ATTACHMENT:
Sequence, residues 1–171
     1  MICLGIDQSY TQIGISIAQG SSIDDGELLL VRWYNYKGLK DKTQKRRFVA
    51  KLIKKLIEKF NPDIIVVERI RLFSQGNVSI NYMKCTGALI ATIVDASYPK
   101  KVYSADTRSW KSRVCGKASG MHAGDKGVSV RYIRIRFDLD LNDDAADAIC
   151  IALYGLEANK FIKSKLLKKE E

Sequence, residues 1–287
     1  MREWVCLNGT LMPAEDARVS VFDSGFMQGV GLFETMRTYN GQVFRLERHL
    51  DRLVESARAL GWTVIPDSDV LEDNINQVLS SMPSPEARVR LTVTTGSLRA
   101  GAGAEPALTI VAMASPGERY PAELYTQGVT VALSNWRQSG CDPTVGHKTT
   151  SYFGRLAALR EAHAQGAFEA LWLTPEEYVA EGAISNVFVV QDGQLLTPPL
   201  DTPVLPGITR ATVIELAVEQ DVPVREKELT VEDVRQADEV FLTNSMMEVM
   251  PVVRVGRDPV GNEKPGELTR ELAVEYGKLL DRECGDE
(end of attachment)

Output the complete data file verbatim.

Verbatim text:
Sequence, residues 1–171
     1  MICLGIDQSY TQIGISIAQG SSIDDGELLL VRWYNYKGLK DKTQKRRFVA
    51  KLIKKLIEKF NPDIIVVERI RLFSQGNVSI NYMKCTGALI ATIVDASYPK
   101  KVYSADTRSW KSRVCGKASG MHAGDKGVSV RYIRIRFDLD LNDDAADAIC
   151  IALYGLEANK FIKSKLLKKE E

Sequence, residues 1–287
     1  MREWVCLNGT LMPAEDARVS VFDSGFMQGV GLFETMRTYN GQVFRLERHL
    51  DRLVESARAL GWTVIPDSDV LEDNINQVLS SMPSPEARVR LTVTTGSLRA
   101  GAGAEPALTI VAMASPGERY PAELYTQGVT VALSNWRQSG CDPTVGHKTT
   151  SYFGRLAALR EAHAQGAFEA LWLTPEEYVA EGAISNVFVV QDGQLLTPPL
   201  DTPVLPGITR ATVIELAVEQ DVPVREKELT VEDVRQADEV FLTNSMMEVM
   251  PVVRVGRDPV GNEKPGELTR ELAVEYGKLL DRECGDE